As part of our Introducing… Festival 2018 series, we take a look at the work of director Stefan Herheim, who makes his Glyndebourne debut this summer with a new production of Pelléas et Mélisande.
In this video Herheim tells us about his take on Debussy’s opera.
Below, Andrew Mellor explores the acclaimed director’s previous work at opera houses around Europe.
Stefan Herheim grew up in Oslo where his father played in the orchestra of the Norwegian Opera and Ballet. While the young Antonio Pappano was the opera company’s music director in the early 1990s, Herheim was an even younger production assistant. Later, he studied opera direction with Götz Friedrich in Hamburg.
Herheim’s stagings are startlingly radical in one sense and deeply conservative in another. They tend not to be visually recognizable in the way those of, say, Richard Jones or Claus Guth can be. But they generally approach their subjects from a consistent philosophical direction that asks us to reconsider out ideas of time, place and tradition.
His productions have been known to present an opera’s narrative as a constructed memory, flashback or imaginative episode, blurring the boundaries of story and psychology. They frequently question the position certain operas or even opera houses hold in the collective consciousness of operagoers.
Opera as Memory
Many of us are intimately familiar with the stories and the music of the operas we choose to see. So when Herheim turns an operatic narrative on its head, the effect can be seismic: events we expect and are prepared for are presented from a new perspective but duly arrive with familiar music and words. The technique can be dramatically enlivening and emotionally devastating. Rather than distorting the works themselves, it often underlines the vision and universality of their music.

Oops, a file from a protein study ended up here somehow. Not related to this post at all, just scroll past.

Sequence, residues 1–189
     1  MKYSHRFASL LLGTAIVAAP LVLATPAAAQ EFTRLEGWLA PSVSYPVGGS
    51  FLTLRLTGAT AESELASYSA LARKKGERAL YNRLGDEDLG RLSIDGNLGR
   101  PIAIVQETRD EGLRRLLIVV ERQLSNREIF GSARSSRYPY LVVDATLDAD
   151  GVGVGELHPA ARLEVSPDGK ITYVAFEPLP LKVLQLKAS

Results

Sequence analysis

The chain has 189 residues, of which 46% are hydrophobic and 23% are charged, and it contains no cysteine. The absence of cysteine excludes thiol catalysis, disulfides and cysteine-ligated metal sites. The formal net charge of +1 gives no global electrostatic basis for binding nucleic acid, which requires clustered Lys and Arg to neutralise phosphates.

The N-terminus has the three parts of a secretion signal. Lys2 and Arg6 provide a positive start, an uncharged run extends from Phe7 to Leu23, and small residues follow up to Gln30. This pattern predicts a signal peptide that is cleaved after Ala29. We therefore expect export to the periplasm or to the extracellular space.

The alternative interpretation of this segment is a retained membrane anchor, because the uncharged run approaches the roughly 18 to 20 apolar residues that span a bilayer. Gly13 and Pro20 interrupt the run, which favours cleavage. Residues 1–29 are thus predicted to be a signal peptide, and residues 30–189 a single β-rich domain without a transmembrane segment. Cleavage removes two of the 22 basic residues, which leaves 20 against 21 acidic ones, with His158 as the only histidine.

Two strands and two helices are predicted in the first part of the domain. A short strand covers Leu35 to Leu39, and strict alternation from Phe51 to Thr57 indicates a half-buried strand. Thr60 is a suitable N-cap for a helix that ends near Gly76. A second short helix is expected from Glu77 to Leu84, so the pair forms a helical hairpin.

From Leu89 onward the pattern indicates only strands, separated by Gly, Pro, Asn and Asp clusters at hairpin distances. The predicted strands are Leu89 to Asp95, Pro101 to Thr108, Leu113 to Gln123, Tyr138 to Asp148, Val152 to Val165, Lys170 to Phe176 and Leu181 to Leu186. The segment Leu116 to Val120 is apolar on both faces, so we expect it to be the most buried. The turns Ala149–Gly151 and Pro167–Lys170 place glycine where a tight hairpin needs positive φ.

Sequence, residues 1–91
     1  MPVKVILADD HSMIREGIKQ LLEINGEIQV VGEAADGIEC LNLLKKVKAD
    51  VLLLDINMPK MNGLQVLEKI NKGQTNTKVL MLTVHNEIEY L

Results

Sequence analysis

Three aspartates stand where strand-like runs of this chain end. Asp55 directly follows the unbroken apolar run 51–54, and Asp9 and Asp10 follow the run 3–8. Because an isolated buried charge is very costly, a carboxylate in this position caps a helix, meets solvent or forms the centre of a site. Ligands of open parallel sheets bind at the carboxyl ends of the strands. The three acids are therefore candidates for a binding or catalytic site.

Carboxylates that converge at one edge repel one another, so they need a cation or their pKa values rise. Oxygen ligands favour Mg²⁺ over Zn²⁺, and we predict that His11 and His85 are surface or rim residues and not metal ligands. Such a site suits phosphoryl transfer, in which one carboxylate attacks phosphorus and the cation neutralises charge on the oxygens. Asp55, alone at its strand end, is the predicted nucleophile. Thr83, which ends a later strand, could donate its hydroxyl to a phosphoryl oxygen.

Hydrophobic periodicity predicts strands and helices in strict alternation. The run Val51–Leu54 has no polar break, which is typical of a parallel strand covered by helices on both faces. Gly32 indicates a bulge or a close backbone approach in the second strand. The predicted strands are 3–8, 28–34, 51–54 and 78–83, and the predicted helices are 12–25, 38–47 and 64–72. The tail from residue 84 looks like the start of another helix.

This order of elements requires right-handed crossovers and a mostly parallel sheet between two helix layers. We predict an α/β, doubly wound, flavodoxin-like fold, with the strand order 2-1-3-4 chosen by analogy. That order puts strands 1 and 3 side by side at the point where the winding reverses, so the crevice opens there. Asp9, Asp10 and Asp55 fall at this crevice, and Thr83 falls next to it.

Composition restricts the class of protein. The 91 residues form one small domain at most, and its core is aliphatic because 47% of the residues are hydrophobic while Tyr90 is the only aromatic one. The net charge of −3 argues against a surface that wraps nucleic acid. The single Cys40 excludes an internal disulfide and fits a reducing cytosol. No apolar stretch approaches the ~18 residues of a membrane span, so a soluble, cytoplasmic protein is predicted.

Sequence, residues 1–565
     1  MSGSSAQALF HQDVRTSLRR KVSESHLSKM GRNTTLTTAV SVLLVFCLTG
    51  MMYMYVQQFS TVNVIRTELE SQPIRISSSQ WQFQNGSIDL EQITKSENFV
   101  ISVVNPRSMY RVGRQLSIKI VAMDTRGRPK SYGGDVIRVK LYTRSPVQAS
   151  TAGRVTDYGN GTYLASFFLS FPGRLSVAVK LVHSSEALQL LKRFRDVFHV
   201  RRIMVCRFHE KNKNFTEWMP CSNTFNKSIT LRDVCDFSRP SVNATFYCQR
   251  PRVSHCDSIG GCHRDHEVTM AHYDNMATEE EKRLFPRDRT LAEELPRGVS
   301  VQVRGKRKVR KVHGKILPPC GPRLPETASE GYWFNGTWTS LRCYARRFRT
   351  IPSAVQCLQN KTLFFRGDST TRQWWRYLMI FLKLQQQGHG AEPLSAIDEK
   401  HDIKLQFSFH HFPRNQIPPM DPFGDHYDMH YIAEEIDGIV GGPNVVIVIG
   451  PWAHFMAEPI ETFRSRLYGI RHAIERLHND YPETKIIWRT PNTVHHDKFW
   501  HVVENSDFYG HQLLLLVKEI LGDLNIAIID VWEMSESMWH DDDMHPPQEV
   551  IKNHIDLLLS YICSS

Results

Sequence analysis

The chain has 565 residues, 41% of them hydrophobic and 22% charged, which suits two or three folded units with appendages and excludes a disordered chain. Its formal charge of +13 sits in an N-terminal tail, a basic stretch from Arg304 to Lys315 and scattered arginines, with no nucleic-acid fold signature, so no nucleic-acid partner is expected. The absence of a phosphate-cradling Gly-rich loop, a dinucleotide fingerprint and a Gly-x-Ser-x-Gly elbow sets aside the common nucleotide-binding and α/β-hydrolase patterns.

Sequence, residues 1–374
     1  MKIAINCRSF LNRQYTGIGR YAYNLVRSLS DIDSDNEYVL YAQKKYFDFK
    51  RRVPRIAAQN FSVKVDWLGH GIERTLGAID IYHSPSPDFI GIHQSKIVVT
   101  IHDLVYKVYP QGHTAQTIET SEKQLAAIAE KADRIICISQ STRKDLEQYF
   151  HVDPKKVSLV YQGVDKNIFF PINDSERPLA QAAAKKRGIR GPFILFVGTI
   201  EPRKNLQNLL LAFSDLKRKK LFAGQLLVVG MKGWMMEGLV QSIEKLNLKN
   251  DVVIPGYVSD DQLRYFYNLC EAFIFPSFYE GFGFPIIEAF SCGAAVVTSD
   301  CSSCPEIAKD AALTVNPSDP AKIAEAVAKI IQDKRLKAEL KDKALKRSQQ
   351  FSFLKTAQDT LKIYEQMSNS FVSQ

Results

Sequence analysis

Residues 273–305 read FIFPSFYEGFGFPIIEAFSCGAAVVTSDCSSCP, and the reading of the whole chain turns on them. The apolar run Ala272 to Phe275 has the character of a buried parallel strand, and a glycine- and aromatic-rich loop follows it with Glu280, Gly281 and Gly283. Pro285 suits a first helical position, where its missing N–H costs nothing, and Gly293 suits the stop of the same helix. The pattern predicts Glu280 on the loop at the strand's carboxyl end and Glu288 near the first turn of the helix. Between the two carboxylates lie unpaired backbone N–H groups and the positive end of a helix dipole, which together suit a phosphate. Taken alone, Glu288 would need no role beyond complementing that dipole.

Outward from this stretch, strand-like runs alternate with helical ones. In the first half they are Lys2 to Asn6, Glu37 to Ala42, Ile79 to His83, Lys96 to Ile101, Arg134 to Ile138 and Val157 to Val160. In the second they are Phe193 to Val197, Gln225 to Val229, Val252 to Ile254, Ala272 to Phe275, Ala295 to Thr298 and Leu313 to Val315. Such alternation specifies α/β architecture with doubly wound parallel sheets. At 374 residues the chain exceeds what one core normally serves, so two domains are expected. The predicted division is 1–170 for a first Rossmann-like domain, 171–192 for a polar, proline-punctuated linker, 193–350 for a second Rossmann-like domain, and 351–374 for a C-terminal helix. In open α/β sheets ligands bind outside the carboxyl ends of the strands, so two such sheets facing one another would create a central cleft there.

Stefan Herheim’s 2012 production of La bohème for the Norwegian National Opera & Ballet. Photo credit: Erik Berg, The Norwegian National Opera & Ballet
Herheim’s 2012 staging of La bohème in Oslo opened with the depiction of Mimi’s death from cancer in an intensive care unit before a note had been played. The opera’s events were presented as an attempt from the dying heroine to recapture and preserve the life she had once enjoyed with her lover and her friends; in certain scenes, Mimi would tear off her wig in a bid to return her hospital bed to die in peace.
In Herheim’s production of Tchaikovsky’s Eugene Onegin for the Dutch National Opera in 2011, the story was presented as a tangled memory in which the title character’s cruel stranglehold over the infatuated Tatjana controlled everything. Here, Onegin was the cancer, infecting Tatjana’s mind and shaping the opera’s events. In the famous solo scene in which she writes to him declaring her love, Onegin himself was present in the room, suggesting amends and even writing portions of the letter himself.
Time, Place, Tradition
Herheim’s production of Eugene Onegin for the Dutch National Opera in 2011. Photo credit: Forster
That production of Eugene Onegin referenced the historical context of Pushkin’s story too, another Herheim hallmark. So did the director’s debut staging at Covent Garden first seen in 2013, Verdi’s Les Vêpres siciliennes, a production notable for its ‘operatic’ theme. The work’s French oppressors were viewed as patrons at a gilded opera house, a mock-up of the Opéra de Paris’s Salle de Peletier where it was first performed in 1855.
Herheim’s lampooning of the Opéra de Paris’s various traditions, including its insistence that artists conform to certain rubric (notably that space be made for copious dancing), had its own resonance. But the social imagery was clear and the theatrical flair on stage was unremitting even when Verdi’s music was less than inspired.
Herheim had given us on-stage images of specific opera houses before, not least in his 2010 production of Wagner’s Tannhäuser for the now-iconic new opera house in Oslo. At his 2008 production of Wagner’s Parsifal for the Bayreuth Festival, the audience was shown not only the story of Parsifal the character but also of Parsifal the opera – written for the inauguration of Wagner’s theatre at Bayreuth.
In a staging of almost unimaginable but distinctly Wagnerian beauty, Herheim asked some pertinent questions surrounding the moral validity of this composer, who held some unpalatable views and whose works were hijacked, notably at Bayreuth, by the Third Reich. His multi-layered production, which included images of Wagner’s grave, his house and notable past productions of the opera, seemed to suggest that it was the responsibility of Bayreuth itself to argue the moral case for is founder.
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